We all know that the alarm business is extremely competitive. Unlike home improvement contractors that can get away with 100-percent markups, alarm companies often install alarm systems for cost, below cost or for free. Relying on recurring revenue from the monitoring contract, alarm companies hope to realize a profit over the long run. Additionally, alarm contracts sell like negotiable instruments at multiples ranging from 15 to in excess of 40 times the monthly revenue, so an alarm contract with recurring revenue has immediate value or equity for the alarm company.
Although not the only avenue for recurring revenue, the monitoring contract may be the most popular. Even those throwback dinosaurs that don’t use contracts know they need monitoring contracts and usually get them. Most dealers don’t have their own central stations and subcontract the monitoring to a wholesale central station. The dealer tries to charge between $16 and $30 a month, while paying the central station from $2 to $6 or more, depending on the monitoring services provided. (I am referring to intrusion systems — expect to pay much more to the central station for fire monitoring, and you will be charging more for that service. CCTV supervised monitoring is also priced higher.)
Everyone knows that price fixing in an industry violates all kinds of laws, and it’s not done in the alarm industry. This is not because you guys wouldn’t like to try and get away with it, but because this industry is so competitive it just isn’t feasible. Yet there are a few taboos, even in this industry.
Wholesale central stations come in two forms. Some monitor only for the trade, others monitor for themselves and the trade. Dealers generally know whether their central also happens to be one of their competitors, and there is nothing wrong with that relationship.
But a central station that also happens to be a dealer (installing, servicing and monitoring for subscribers directly) will generally be smart enough to treat its wholesale central station and its dealer operation separately. The dealer side will pay for monitoring just like any other dealer. More importantly, the central station will not offer wholesale pricing to the subscribers directly. Thus the dealer will be competitive with other dealers. There would be little likelihood of other dealers supporting the wholesale central station if the dealer side was able to compete unfairly or the central station competed unfairly.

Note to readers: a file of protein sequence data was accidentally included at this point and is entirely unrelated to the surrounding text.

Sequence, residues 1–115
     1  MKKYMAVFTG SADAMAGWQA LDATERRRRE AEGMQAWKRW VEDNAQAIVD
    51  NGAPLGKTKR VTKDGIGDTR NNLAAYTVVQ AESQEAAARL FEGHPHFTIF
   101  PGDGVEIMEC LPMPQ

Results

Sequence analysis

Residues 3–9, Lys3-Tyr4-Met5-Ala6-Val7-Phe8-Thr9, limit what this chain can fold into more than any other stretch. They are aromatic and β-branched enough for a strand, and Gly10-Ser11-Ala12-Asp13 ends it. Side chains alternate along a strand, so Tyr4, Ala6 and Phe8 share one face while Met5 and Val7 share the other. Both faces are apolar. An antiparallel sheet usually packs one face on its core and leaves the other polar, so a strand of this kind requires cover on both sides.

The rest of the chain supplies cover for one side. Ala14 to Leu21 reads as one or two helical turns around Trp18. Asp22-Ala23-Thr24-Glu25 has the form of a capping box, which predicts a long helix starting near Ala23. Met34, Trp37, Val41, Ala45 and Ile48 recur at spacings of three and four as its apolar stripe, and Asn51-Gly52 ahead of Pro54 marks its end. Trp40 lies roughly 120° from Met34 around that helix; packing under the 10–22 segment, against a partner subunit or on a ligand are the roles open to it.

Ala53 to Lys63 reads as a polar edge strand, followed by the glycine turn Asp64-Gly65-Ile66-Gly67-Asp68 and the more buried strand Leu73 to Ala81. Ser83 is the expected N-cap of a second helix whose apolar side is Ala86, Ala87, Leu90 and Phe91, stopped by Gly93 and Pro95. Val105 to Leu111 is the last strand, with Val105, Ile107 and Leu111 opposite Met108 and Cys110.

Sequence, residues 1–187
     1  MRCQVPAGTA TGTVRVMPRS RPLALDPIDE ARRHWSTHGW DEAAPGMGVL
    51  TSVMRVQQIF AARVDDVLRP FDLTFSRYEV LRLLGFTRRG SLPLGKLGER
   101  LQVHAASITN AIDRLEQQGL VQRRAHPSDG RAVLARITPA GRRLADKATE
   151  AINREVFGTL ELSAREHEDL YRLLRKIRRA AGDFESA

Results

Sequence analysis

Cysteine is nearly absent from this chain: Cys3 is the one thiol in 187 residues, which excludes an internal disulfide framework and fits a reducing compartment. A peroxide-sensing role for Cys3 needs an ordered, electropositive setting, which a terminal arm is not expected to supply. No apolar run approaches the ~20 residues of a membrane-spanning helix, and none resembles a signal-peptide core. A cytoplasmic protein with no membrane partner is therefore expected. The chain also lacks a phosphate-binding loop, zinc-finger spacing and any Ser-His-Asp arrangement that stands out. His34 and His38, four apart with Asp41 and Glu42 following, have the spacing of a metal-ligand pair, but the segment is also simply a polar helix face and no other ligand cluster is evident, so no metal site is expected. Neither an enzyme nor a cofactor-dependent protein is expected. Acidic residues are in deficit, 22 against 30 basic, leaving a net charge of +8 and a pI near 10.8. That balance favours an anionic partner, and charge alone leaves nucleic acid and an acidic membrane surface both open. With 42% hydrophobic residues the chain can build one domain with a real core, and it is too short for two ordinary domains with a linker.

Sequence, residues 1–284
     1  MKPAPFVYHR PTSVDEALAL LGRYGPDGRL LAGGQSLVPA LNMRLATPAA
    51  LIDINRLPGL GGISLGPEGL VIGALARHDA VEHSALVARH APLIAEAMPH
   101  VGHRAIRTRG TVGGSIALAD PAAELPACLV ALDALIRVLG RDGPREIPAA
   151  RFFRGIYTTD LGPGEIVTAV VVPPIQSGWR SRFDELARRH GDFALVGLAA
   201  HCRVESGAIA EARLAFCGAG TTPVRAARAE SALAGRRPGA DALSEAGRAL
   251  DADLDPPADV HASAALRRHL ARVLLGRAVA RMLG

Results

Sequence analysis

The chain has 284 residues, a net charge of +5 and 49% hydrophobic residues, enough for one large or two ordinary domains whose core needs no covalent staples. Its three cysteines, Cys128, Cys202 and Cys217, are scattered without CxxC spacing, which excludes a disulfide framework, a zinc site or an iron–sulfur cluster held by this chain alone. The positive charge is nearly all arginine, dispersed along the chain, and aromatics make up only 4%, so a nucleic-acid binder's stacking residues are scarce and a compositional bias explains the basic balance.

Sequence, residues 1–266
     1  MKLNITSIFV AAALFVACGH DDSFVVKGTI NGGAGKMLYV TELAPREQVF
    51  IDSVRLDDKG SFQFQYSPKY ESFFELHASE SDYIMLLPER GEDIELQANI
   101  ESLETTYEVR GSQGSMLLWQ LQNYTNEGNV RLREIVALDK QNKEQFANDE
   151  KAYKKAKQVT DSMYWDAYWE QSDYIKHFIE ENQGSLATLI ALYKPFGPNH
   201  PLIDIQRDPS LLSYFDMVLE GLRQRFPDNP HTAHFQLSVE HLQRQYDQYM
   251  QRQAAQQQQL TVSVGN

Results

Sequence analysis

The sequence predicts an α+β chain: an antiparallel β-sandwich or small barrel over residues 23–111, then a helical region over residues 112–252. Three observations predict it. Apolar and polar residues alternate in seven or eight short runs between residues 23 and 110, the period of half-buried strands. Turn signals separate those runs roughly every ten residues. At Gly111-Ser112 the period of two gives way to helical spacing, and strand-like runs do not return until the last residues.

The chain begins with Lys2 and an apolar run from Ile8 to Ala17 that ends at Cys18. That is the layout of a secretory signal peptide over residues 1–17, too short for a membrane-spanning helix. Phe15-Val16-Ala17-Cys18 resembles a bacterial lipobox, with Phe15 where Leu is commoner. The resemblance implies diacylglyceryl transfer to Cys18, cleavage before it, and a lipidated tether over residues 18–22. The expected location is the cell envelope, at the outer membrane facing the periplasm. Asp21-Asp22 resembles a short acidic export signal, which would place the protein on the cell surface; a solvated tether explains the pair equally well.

To illustrate how competitive monitoring can get and to quickly dispel any notion of the unfair trade practice of fixing prices, the Georgia market is upside-down over local competition. Although rumors are spreading faster than Grant went through Richmond, no wholesale central station offers direct monitoring to subscribers. One central station that monitors its own subscribers only (so I don’t classify it as a wholesale provider) offers those services for $4.95. It’s not a secret. In fact the domain name for the company is 495alarm.com. If they can make a profit charging that price, well good for them. It’s the American way.
Rumors that a wholesale central station is offering what the trade would consider pricing that is too cheap is apparently not true, at least not in Georgia.
While it may seem to some that cut-rate prices are inherently unfair, there is really nothing wrong with competition as long as it’s on a level playing field. An alarm dealer that wants to operate its own central station and offer monitoring for basically wholesale prices is free to do so. How the economics work out is another matter, but not really the business of that company’s competitors.
Ken Kirschenbaum is a partner with his daughter, Jennifer, in the law firm Kirschenbaum & Kirschenbaum.
The opinions expressed in this column are not necessarily those of SSI, and the content is informational and not legal advice.